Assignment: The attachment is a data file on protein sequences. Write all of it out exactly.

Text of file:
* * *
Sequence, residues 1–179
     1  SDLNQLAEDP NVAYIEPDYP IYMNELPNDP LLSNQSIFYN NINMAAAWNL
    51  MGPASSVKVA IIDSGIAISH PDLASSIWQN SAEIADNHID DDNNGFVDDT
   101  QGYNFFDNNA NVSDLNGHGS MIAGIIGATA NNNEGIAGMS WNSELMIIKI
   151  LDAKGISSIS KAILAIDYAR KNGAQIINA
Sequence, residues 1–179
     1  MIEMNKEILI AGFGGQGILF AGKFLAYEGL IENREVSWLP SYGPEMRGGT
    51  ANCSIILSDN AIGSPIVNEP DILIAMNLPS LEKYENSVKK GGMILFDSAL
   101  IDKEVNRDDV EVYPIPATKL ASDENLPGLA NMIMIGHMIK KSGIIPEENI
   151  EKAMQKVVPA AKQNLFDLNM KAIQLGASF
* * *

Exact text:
Sequence, residues 1–179
     1  SDLNQLAEDP NVAYIEPDYP IYMNELPNDP LLSNQSIFYN NINMAAAWNL
    51  MGPASSVKVA IIDSGIAISH PDLASSIWQN SAEIADNHID DDNNGFVDDT
   101  QGYNFFDNNA NVSDLNGHGS MIAGIIGATA NNNEGIAGMS WNSELMIIKI
   151  LDAKGISSIS KAILAIDYAR KNGAQIINA
Sequence, residues 1–179
     1  MIEMNKEILI AGFGGQGILF AGKFLAYEGL IENREVSWLP SYGPEMRGGT
    51  ANCSIILSDN AIGSPIVNEP DILIAMNLPS LEKYENSVKK GGMILFDSAL
   101  IDKEVNRDDV EVYPIPATKL ASDENLPGLA NMIMIGHMIK KSGIIPEENI
   151  EKAMQKVVPA AKQNLFDLNM KAIQLGASF